It turned out to be my contact at the time for 29"ers at Raleigh. Brian Fournes was on the line asking if it would be alright if I was put on speaker phone to speak with Raleigh's development team. They asked "If you could design a gravel bike from the ground up, what would you include. Anything is on the table as long as it is reasonable and saleable."


Off the top of my head, I repeated all the stuff that Ben and I had fine-tuned over the course of our brainstorming up an all-roads bike in 2009. I listed everything I could think of, but I did change a couple things. First, I listed that it had to have disc brakes. Originally I wanted Paul Components "Racer" brakes, but I knew that the market was heading toward disc brakes. I also stated that the bike had to have full-run brake housings as a result, which was also a change-up from the original design. But everything else I stated in 2009 with Ben's help was included including:

  • Slacker than 72° head tube angle. I hedged a bit and asked for 71.5°. 
  • 73° seat tube angle.
  • Steel, curved blade fork.
  • Bottom bracket drop of more than 70mm. (Raleigh went with 72.5mm)
  • Steel tubing. (I asked for 853 Reynolds but Raleigh said in the end 653 was a better choice)
  • No severely sloping top-tubes. 
  • Rack & Fender mounts
  • Clearance for 42mm tires with fenders
  • Standard threaded bottom bracket
  • 1 1/8th steer tube
  • A chain peg

The Raleigh Tamland breaks cover in 2013. (Image by

I got off the phone, marveled at the occurrence, and pretty much promptly forgot all about it. I mean, was any of that really going to happen? No way, right? I mean, this sort of stuff happens all the time. Bike companies ask random people what they want and something totally different ends up happening or nothing at all happens. I've had that experience before this phone call and after it with the cycling industry. No big deal.

But then in 2013 a bit of buzz happened as Raleigh showed a Tamland bike which was supposedly 'gravel specific'. Now, I had no idea if this was THAT bike. Raleigh never told me a thing about the project's name, nor did they breath a word about it after that 2012 phone call to me. So, I was completely in the dark as to which, if any, of my ideas were applied to the Tamland.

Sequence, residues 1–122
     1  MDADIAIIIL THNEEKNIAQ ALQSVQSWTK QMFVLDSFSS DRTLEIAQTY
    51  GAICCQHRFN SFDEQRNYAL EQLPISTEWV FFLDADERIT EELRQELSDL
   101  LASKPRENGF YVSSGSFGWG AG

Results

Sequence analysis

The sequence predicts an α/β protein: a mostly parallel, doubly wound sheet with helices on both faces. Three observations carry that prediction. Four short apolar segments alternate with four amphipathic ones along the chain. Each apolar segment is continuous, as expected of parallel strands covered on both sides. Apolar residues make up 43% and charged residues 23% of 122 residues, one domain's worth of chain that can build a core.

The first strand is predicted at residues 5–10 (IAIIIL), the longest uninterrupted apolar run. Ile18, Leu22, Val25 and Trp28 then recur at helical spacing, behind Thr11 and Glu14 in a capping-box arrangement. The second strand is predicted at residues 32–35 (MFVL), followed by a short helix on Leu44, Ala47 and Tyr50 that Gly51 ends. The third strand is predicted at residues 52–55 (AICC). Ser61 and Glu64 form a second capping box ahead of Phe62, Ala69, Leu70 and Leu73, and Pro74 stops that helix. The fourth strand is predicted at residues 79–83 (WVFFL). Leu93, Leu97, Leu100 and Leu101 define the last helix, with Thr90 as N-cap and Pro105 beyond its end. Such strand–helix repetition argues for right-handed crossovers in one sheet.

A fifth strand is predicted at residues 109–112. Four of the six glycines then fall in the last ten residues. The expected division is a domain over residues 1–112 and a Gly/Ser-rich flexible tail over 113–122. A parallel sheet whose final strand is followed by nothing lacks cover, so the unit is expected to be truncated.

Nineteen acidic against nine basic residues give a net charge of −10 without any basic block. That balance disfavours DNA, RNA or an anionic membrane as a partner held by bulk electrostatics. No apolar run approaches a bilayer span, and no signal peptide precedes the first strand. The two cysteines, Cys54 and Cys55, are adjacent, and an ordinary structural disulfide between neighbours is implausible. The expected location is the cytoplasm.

Meanwhile a debate sprang up about whether or not gravel bikes even needed to be. "Just use a cyclo cross bike!" and my favorite anytime something new comes out, "They are just finding new reasons to make us have to buy a new bike!" I really love that one! As if the bicycle industry forces people into purchasing new stuff. Ha!

March 21st, 2014: The Tamland is on my front doorsteps.

I grabbed anything that mentioned the upcoming Tamland to see if I could learn about its features, but all that was really mentioned was that it would have 40mm Clement MSO tires on it, which were a new gravel tire at the time. It wasn't until just before Interbike 2013 that I learned that yes- at least a few of my ideas were on the bike. I was both thrilled and horrified. Thrilled for obvious reasons. Horrified because what if this flops and then people find out it was because of my ideas that the Tamland failed.

Finally, I arrived at the Interbike indoor floor show and I went to Raleigh's booth straight away. I ran into Brian Fournes just outside of their space on the floor. He asked if I had seen the Tamland yet. I replied that I was just on my way to check it out. I asked him what, if any of my suggestions Raleigh used. Brian replied, "All of them!"

The Tamland Two as it looks today

 I was instantly horrified again. I told him that if it fails it probably would be my fault and that made me feel uncomfortable. But Brain instantly reassured me by saying that the first run of Tamlands was sold out to dealers already! 

So.... At that point I was thrilled about the existence of a bicycle I had an influential part in. I was happy that it was met with acceptance and seemed to be well on its way to becoming a success for Raleigh. But how could I get one? 

That will be answered in my next post.

Monday, March 25, 2024

Catching Up

Look for a Lube-Off update soon.
Whew! Thank you for being patient as I worked through my Mid-South report. Now it is time to catch up on what has been happening since a week ago when I returned home. 

I was pretty torched after that trip. Tuesday was essentially a write-off. I was very out of sorts and very tired. Wednesday didn't start out a whole lot better either. 

The weather was very blustery and chilly on Tuesday and Wednesday, so along with my low levels of energy I just did little efforts and I tried not to overextend myself in my weakened state. Rest isn't coming as easily as I had hoped for, though, and short nights have been the norm so far.

One of the things I tackled immediately after coming home was to diagnose what was going on with the slipping seat post at Mid-South on the Honeman Flyer. The clamp was torqued as high as I dared and still no love. 

I decided to switch out the post, but before I did that, I put a caliper to the shaft and found out it was barely larger than 27mm in diameter. Okay! Now it all makes sense. The Wolf Tooth clamp probably is fine, it was the Tamer post being undersized. I put a caliper to a few other 27.2 mm seat posts and confirmed that it was an undersized seat post issue.